JUST IN: New Road-Mobile Missiles ‘Instrumental’ for Army Strategy
Photo: ArmySIMI VALLEY, Calif. — New road-mobile missiles that are under development will fundamentally change the Army’s offensive capabilities, the head of the service said Dec. 7.
The types of systems in the works were previously banned under Intermediate-Range Nuclear Forces Treaty with Russia. The INF Treaty was brokered in 1987 in the waning years of the Cold War. It prohibited the United States and Russia from deploying land-based nuclear or conventional missiles — both ballistic and cruise — with ranges of 500 to 5,500 km.
However, Washington accused Moscow of cheating and the U.S. withdrew from the arms pact in August. The move made it possible for the Army to pursue road-mobile, conventional weapons with greater ranges that will be play an “instrumental” role in the service’s multi-domain operating concept, Secretary of the Army Ryan McCarthy told reporters at the Reagan National Defense Forum in Simi Valley, California.
“What's changed in particular is our long-range precision fires portfolio,” he said.
“There are two systems now that you can implement.” One is an extended-reach Precision Strike Missile, or PrSM, which will replace the Army Tactical Missile System and have twice the range, he said.
“If you were to deploy that along the … second island chains or to countries surrounding the South China Sea, you can alter the anti-access/area denial-type of investments that China has made, for example,” he said. “It would fundamentally change the geometry of the battle space. … You can rapidly deploy and you can put into a position in the very near future to be able to have the range of 550 to 600 kilometers.”
“Initially you will shoot very short distances to test the fundamentals” at ranges of 50 to 100 kilometers, he explained. Those ranges will be extended as the testing regime evolves, and within 18 months or so the weapons will fly farther than the old INF Treaty limits, he said.
PrSM testing is slated for next year. The Army aims to field the systems by late 2022. Anti-ship variants will come later, he noted.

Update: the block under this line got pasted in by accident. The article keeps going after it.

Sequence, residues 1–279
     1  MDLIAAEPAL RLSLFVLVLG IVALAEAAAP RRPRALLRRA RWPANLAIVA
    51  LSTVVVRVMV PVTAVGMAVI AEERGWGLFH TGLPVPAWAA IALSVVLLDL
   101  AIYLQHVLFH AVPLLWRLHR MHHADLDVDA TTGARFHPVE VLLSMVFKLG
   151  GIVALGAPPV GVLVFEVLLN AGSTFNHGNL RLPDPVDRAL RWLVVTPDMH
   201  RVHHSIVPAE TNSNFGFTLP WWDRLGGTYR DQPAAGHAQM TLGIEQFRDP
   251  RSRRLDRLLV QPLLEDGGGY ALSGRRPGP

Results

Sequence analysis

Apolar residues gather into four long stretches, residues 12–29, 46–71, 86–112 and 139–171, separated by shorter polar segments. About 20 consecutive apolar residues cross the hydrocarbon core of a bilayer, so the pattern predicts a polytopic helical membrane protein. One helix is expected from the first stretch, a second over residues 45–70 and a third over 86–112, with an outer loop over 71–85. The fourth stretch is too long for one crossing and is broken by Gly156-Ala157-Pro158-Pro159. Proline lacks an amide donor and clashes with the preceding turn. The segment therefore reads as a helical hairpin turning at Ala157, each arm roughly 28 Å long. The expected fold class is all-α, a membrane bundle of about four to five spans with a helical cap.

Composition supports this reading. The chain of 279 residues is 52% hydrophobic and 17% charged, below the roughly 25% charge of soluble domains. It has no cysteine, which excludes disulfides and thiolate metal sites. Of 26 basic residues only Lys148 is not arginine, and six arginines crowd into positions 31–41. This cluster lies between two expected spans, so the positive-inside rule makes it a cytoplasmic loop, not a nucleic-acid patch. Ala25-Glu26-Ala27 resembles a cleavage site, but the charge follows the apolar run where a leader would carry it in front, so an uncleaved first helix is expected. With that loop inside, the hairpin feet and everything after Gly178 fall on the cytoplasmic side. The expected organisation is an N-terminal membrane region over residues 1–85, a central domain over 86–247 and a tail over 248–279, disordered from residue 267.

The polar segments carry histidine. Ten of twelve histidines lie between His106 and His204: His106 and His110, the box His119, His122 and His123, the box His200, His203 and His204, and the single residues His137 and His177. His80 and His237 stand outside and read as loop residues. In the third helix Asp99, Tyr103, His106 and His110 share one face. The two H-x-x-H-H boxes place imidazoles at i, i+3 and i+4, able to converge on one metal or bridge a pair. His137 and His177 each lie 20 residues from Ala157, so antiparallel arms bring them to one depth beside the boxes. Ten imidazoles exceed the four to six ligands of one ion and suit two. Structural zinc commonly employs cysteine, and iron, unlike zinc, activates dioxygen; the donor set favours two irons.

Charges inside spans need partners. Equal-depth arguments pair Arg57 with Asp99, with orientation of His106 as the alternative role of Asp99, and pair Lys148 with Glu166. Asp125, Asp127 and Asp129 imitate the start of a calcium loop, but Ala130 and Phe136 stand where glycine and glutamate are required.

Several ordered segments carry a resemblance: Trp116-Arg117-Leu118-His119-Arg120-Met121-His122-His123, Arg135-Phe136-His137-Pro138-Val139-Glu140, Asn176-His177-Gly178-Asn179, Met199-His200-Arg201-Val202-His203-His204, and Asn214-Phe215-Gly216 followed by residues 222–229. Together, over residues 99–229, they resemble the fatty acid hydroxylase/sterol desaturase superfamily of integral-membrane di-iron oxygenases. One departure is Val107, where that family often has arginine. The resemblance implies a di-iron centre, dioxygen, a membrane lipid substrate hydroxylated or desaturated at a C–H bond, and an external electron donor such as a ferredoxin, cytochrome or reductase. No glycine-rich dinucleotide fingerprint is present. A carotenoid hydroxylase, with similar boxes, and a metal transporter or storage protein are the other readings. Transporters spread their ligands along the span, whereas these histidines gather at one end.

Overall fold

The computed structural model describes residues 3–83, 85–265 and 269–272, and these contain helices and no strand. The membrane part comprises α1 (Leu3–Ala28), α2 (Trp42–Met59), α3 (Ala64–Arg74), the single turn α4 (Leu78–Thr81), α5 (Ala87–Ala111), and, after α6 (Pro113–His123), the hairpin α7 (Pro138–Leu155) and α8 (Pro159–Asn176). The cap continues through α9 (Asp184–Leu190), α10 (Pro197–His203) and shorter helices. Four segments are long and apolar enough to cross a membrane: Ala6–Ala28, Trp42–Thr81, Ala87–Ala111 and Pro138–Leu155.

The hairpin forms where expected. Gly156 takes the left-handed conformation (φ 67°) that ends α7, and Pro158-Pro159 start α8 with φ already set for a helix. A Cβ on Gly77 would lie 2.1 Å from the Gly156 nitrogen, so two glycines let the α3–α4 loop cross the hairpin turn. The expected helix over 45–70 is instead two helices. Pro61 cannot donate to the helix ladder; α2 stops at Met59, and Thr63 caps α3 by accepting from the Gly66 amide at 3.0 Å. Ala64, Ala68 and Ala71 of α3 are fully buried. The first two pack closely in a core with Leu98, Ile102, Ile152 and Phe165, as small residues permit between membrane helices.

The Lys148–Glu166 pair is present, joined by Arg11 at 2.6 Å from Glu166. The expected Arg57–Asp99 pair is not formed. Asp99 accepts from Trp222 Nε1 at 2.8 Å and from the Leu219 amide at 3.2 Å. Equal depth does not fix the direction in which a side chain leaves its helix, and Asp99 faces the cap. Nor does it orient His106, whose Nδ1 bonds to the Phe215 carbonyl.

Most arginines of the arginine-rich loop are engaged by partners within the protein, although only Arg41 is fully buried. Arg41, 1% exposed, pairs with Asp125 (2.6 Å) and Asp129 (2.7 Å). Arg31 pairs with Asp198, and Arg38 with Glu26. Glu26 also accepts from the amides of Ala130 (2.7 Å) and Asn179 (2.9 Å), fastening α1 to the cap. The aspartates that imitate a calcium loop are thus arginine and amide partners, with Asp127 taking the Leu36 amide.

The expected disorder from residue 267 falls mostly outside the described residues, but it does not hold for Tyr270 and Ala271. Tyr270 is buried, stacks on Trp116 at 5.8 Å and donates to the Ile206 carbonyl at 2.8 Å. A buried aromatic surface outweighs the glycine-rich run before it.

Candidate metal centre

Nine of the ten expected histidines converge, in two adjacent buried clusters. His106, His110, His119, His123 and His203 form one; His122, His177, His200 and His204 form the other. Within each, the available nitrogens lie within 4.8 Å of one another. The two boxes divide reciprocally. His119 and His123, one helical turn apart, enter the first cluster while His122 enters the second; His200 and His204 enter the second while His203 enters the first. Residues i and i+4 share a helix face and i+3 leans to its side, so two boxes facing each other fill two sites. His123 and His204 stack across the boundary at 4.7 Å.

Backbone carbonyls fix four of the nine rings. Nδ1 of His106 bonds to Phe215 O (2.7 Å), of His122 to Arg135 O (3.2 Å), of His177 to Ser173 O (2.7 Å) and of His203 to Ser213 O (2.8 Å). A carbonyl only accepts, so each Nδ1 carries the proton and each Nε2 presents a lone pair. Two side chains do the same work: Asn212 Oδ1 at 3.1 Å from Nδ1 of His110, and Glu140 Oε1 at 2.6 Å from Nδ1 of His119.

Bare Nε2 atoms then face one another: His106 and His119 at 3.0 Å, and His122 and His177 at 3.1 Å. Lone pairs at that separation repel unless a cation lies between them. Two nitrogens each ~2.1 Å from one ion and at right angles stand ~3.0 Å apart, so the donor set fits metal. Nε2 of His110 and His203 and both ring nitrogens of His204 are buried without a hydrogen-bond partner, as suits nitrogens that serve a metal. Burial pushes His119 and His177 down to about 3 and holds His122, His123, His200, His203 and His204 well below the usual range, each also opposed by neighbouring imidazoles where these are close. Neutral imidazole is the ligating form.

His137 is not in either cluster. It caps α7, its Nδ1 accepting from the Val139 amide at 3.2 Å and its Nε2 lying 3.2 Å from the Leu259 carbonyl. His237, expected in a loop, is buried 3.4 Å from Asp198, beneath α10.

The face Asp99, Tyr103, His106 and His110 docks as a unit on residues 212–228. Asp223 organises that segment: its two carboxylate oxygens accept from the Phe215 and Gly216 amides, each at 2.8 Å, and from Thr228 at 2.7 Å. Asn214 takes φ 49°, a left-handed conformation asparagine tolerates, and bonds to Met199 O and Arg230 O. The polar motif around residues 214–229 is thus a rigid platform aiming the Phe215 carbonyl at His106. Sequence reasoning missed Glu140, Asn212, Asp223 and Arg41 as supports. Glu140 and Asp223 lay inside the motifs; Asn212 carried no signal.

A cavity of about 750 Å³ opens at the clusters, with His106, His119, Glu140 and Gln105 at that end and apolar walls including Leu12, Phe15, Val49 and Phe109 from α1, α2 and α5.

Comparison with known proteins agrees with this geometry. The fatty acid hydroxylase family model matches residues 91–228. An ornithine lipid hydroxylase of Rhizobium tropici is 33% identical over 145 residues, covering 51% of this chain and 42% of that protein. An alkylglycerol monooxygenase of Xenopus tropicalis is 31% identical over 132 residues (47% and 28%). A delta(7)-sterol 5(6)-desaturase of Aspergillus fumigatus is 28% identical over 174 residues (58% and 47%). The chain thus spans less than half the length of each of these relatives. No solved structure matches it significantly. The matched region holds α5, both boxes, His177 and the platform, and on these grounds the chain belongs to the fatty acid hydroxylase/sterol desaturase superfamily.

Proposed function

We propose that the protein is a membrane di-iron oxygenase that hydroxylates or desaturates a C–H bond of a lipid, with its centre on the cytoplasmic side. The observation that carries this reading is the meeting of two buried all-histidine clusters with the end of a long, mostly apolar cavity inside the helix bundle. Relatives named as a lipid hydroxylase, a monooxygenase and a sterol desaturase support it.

The service is also developing new hypersonic missiles that will be able to travel at speeds of Mach 5 or faster and be highly maneuverable, making it difficult for enemy systems to defeat them. The weapons, with ranges that exceed 1,000 kilometers, could be deployed around the world including in Europe, Asia or the Middle East, he noted.
“It would fundamentally alter the dynamics” in those regions, McCarthy said. “It's a very unique sets of capabilities.”
McCarthy compared the strategic implications of fielding hypersonics to the U.S. deployment of nuclear-armed Pershing II road-mobile missile systems in Europe during the 1980s.
“You saw when those systems were deployed, the types of investments that Russian made to try to counter that,” he said.
The hypersonics program is on track, McCarthy said. Testing is slated for next year and the Army plans to begin fielding the weapons no later than 2023.
“We're going to make a lot of them very quickly” once production is ready to be scaled, he said. “It's going to take time and effort, but we have a very aggressive investment profile for the next five years.”
The fiscal year 2021 defense budget request, which is expected to be released in February, will include a funding boost for the technology, he noted.
McCarthy said he anticipates hypersonic weapons development in the United States will continue regardless of who wins the presidential election next year. “It's going to be a place that will have a tremendous amount attention no matter what administration is here a year from now,” he said. ‘”This is a national-level priority.”
New missiles such as hypersonics and the PrSM will not only bring new capabilities, but could also help reshape the entire Army, McCarthy said. “New materiel that we're bringing into the [acquisition] system is going to make us look at our formations and see if we're right-sized,” he said.
The Army is creating new task forces that will implement the service’s new multi-domain operating concept.
“Once you stand these up and you bring new materiel into the fold, it will make us take a hard look at our brigade combat team structure and say that maybe that's not the right type of formation we need in the future,” he said.
“We're going to change,” he added. “The metaphor I use is like going from a pro-style offense [in football] to the spread — different players, different style. So it's everything from how you train your people, the type of people you recruit, to how they operate the systems and how you employ them. We're fundamentally changing the offense in the U.S. Army.”
Topics: Army News